The amount of rent arrears accrued by a tenant who has negotiated reduced rent will not automatically be waived. Whether rental arrears will be waived is subject to negotiation between the tenant and the landlord (with assistance from Fair Trading’s dispute resolution process as required).

Are sub-tenants covered by the stop on evictions?
The stop on evictions applies to sub-tenants who are unable to meet their rental obligations and who are covered by the Residential Tenancies Act 2010. These are tenants where the property is subject to a written residential tenancy agreement and:

are a sub-tenant under a written residential tenancy agreement with the tenant named in the main tenancy agreement, or

a tenant under the main written tenancy agreement has transferred the tenancy to them.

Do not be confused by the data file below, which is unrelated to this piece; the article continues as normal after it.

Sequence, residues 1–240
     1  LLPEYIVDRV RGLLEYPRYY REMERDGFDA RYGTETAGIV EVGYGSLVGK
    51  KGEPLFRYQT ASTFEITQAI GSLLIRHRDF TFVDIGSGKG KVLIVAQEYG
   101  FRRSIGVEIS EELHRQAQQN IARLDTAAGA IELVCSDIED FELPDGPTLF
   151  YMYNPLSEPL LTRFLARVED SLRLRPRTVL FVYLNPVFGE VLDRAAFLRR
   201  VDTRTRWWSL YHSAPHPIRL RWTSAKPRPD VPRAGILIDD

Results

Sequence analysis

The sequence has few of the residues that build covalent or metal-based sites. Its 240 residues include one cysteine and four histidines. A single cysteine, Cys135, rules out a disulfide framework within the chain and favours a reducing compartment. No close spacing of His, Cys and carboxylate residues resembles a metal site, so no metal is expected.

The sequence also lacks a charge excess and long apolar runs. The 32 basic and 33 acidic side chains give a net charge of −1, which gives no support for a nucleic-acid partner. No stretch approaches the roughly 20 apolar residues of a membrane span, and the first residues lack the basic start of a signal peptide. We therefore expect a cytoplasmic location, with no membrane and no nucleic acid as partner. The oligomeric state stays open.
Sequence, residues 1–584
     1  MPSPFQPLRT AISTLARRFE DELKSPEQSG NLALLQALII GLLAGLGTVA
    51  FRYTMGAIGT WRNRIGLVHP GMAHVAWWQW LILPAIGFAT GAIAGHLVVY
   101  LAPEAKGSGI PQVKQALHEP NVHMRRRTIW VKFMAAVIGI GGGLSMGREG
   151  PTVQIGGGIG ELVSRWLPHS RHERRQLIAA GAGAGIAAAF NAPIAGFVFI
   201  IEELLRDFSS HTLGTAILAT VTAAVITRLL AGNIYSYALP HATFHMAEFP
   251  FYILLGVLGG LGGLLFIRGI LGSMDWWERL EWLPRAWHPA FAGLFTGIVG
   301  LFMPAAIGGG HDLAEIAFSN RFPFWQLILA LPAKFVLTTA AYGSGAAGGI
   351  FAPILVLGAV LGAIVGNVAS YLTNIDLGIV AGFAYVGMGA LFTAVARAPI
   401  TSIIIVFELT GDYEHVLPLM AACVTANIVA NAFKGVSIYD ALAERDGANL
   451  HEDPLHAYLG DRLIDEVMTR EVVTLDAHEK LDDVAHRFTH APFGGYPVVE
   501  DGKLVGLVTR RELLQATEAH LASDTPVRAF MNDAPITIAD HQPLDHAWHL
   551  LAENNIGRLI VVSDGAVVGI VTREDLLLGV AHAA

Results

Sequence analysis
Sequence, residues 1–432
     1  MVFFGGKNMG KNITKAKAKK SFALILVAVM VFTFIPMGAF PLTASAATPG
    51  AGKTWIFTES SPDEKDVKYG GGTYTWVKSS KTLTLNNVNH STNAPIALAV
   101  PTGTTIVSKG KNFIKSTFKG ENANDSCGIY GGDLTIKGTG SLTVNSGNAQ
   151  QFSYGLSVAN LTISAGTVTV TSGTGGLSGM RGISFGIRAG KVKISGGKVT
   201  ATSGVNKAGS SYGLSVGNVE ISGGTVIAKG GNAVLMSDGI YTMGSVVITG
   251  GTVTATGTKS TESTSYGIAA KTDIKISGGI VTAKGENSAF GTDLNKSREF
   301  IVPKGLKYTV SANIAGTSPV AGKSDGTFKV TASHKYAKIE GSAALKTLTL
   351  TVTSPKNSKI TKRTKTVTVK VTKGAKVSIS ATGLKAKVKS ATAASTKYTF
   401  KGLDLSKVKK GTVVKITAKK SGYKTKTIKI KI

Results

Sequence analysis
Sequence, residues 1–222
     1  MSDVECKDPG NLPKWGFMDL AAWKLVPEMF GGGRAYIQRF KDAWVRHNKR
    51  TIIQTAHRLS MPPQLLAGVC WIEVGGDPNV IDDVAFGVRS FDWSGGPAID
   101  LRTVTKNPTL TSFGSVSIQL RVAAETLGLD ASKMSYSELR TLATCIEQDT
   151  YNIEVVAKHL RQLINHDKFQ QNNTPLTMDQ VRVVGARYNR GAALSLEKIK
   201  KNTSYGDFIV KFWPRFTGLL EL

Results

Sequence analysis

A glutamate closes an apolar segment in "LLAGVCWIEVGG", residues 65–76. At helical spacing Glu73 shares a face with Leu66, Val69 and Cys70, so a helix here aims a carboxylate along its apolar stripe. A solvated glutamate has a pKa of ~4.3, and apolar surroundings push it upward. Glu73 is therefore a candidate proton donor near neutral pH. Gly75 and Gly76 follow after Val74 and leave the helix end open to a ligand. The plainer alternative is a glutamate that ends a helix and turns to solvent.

Can I still end my tenancy using the required notice periods and not negotiate with my landlord?
Yes. Tenants who do not wish to stay in their premises can terminate using the existing notice period required for their specific agreement.
Tenants seeking to end a fixed term agreement early may be required to pay break fees under their agreement. Details about ending a fixed term agreement early are outlined on the Fair Trading website.

Why are we not protected from eviction for six months as was announced following the National Cabinet meeting recently?
The package announced is designed to support tenancies to continue wherever possible. The new laws will provide a six month moratorium on landlords giving termination notices, or making applications for forced evictions, due to rental arrears for tenants who are impacted by COVID-19, provided both parties seek to find a mutually workable solution.

The new laws allow landlords, after the 60-day stop, to seek to terminate a COVID-19 impacted tenancies for rental arrears but this can only occur if they have tried to negotiate a rent reduction with the tenant in good faith and seeking a termination is fair and reasonable in the circumstances of the specific case.